About us: We own the Wild Birds Unlimited nature shop in East Lansing, Michigan,
a store that provides a wide variety of supplies to help you enjoy the birdwatching hobby.

This blog was created to answer frequently asked questions & to share nature stories and photographs.
To contribute, email me at bloubird@gmail.com.

Tuesday, June 2, 2015

Identifying baby chickadees

How do you tell if they are baby chickadees?

Baby Black-capped Chickadees in nest boxImage by Dunbar Gardens via Flickr
At first glance the male, female, and juvenile chickadees all look pretty much the same to the human eye. Fluffy fresh faced birds are usually the babies and they usually have shorter tail feathers too, because they are still growing. Parents are looking a little haggard by now.

After the female incubates her eggs for about two weeks, practically naked nestlings hatch. Their eyes are closed and there is a little gray down on their heads and wings.

Well fed nestlings grow quickly and fledge from their nest box or tree cavity about two weeks after hatching. Mom and dad birds may bring food to the box and refuse to feed them while still inside to encourage them to leave the nest at this time.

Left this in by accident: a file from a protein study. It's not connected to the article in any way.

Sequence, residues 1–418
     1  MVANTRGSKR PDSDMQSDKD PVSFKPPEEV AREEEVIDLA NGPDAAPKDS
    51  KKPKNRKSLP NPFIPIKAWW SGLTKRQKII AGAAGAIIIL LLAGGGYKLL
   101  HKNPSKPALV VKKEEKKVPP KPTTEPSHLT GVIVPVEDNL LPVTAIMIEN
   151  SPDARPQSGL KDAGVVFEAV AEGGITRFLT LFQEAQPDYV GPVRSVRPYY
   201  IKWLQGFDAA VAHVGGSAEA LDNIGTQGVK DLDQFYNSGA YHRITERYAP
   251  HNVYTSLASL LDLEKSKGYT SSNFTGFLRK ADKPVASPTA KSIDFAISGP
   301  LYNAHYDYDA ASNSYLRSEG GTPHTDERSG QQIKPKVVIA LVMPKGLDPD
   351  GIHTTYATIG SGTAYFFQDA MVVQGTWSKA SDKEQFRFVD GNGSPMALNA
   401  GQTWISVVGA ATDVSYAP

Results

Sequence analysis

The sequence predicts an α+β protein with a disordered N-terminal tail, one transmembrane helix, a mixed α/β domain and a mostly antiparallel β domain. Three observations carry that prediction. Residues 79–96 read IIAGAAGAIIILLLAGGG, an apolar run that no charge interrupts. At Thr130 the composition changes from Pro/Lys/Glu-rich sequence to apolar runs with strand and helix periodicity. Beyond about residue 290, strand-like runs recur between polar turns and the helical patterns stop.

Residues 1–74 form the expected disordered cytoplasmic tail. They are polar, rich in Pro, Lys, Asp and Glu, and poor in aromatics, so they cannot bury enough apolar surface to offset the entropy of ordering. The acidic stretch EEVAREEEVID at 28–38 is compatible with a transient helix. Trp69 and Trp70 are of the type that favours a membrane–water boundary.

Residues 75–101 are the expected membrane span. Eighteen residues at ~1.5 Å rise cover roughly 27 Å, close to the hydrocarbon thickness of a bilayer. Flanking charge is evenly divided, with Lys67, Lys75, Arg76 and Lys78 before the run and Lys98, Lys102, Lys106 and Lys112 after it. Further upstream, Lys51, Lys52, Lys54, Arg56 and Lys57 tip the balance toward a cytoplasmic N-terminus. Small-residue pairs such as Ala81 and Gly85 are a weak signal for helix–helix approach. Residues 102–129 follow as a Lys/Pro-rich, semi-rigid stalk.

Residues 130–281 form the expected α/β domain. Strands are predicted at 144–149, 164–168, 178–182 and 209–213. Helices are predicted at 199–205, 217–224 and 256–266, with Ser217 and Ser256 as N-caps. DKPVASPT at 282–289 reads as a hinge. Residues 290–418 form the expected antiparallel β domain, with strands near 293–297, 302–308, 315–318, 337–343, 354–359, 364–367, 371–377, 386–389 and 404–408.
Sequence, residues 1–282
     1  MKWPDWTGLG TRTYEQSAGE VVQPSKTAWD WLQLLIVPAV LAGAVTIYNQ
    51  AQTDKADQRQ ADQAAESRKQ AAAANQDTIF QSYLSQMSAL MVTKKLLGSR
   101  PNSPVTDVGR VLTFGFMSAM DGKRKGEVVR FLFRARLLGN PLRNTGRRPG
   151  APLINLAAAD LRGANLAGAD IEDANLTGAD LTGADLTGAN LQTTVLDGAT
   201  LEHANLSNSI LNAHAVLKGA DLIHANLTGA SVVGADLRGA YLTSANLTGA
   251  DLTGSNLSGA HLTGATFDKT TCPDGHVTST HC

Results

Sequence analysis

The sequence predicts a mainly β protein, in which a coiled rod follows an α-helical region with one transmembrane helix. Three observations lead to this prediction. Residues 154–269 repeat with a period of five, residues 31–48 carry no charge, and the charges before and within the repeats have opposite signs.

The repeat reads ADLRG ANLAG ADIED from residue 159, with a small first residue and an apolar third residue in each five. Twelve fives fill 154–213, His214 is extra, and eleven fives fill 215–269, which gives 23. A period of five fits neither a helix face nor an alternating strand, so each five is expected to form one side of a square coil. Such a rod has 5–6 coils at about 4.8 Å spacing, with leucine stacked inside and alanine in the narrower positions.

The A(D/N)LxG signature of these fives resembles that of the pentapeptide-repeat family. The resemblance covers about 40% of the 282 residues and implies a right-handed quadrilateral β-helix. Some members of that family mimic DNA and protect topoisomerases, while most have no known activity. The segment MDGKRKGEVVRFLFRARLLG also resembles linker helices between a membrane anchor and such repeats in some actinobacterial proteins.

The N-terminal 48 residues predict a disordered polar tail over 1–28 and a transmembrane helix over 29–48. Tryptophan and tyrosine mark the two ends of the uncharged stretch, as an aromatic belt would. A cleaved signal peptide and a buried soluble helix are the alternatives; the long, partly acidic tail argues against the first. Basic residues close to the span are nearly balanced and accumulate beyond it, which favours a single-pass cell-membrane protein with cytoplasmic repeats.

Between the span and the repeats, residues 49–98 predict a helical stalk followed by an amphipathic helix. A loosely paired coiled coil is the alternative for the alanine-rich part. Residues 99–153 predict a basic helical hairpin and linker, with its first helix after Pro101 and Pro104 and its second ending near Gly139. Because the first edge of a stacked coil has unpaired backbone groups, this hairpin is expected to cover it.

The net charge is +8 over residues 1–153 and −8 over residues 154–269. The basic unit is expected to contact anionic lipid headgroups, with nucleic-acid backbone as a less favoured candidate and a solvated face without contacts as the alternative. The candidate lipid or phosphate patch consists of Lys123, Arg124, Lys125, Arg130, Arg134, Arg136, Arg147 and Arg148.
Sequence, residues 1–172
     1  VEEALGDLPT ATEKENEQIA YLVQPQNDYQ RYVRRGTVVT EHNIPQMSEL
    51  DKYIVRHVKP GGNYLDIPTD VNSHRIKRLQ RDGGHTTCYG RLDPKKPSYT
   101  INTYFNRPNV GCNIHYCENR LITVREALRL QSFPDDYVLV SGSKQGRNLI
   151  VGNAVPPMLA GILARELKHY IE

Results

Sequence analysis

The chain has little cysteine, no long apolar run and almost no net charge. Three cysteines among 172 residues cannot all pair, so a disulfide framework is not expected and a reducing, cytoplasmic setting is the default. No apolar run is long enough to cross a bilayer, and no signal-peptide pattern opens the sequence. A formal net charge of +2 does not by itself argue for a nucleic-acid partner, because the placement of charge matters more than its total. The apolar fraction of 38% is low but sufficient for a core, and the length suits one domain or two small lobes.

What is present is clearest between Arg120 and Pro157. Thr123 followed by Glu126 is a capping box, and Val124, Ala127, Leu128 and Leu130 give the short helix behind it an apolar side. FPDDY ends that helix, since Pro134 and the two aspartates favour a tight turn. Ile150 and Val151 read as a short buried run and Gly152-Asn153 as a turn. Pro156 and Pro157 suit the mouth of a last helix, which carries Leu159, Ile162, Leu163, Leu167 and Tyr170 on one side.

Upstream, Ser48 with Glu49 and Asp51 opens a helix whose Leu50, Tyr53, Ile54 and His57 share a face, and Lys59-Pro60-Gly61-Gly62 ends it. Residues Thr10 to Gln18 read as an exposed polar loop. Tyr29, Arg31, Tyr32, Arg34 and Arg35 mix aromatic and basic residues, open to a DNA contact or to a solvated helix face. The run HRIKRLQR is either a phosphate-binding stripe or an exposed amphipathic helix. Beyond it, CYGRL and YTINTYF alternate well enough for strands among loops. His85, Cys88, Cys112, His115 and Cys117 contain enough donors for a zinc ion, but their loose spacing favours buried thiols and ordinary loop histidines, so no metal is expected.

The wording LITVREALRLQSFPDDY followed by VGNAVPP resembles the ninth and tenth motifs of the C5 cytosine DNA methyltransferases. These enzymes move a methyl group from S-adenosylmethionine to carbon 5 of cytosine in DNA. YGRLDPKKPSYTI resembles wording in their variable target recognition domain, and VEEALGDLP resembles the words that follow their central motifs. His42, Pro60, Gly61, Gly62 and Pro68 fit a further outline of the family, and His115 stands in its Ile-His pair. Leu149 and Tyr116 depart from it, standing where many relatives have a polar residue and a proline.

Once the baby birds have fledged they move around in a family group. At first they depend on the parents but soon catch on to picking out objects that might be food. This is the best time to watch them at the feeders.

Black-capped Chickadees bop about from feeder to bush, bush to feeder. They weigh about a ½ ounce but aren’t intimidated in the least by any of the bigger birds at the feeders.

Eventually, the parents will take the young farther and farther from the nest site. The once guarded boundaries of chickadee territories are now open to family groups. 

This family vacation or training period lasts for about 3 to 4 weeks and then the tight cohesive unit will disperse. Scientists aren’t sure what triggers the break, but the young take off suddenly in different directions. They settle down finally, long distances from their natal territory.

The young hook up with other young birds new to the area and join local adults to form winter flocks. Once settled in their new territory, most will remain in the same general area for the rest of their adult lives.

Related Articles:
- Where Do Birds Go At Night? http://goo.gl/bEl3h 
- Quiz on Chickadees http://goo.gl/0cI03 
- Bird Guilds: How different birds band together to survive http://goo.gl/jAtN5 
- Fun Facts about the different Chickadees in North America http://bit.ly/zIDkCi 
- Not a Shy Bird: How the Black-capped Chickadee Communicates http://goo.gl/1rlnh

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